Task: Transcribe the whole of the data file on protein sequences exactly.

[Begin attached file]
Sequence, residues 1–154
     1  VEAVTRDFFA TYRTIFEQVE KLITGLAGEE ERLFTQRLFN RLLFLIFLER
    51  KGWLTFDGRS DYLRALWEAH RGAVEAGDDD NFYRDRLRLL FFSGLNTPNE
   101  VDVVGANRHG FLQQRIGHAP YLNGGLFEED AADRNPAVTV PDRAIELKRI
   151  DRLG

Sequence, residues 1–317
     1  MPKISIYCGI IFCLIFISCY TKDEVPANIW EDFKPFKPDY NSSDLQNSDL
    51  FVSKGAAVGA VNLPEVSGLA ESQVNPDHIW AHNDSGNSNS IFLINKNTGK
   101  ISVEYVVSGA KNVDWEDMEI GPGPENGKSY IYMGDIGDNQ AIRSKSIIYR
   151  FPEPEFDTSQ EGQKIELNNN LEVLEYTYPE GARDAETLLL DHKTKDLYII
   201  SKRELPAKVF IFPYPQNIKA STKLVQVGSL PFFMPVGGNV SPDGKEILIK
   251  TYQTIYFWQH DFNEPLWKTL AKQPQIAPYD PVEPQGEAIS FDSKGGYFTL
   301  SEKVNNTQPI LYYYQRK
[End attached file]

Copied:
Sequence, residues 1–154
     1  VEAVTRDFFA TYRTIFEQVE KLITGLAGEE ERLFTQRLFN RLLFLIFLER
    51  KGWLTFDGRS DYLRALWEAH RGAVEAGDDD NFYRDRLRLL FFSGLNTPNE
   101  VDVVGANRHG FLQQRIGHAP YLNGGLFEED AADRNPAVTV PDRAIELKRI
   151  DRLG

Sequence, residues 1–317
     1  MPKISIYCGI IFCLIFISCY TKDEVPANIW EDFKPFKPDY NSSDLQNSDL
    51  FVSKGAAVGA VNLPEVSGLA ESQVNPDHIW AHNDSGNSNS IFLINKNTGK
   101  ISVEYVVSGA KNVDWEDMEI GPGPENGKSY IYMGDIGDNQ AIRSKSIIYR
   151  FPEPEFDTSQ EGQKIELNNN LEVLEYTYPE GARDAETLLL DHKTKDLYII
   201  SKRELPAKVF IFPYPQNIKA STKLVQVGSL PFFMPVGGNV SPDGKEILIK
   251  TYQTIYFWQH DFNEPLWKTL AKQPQIAPYD PVEPQGEAIS FDSKGGYFTL
   301  SEKVNNTQPI LYYYQRK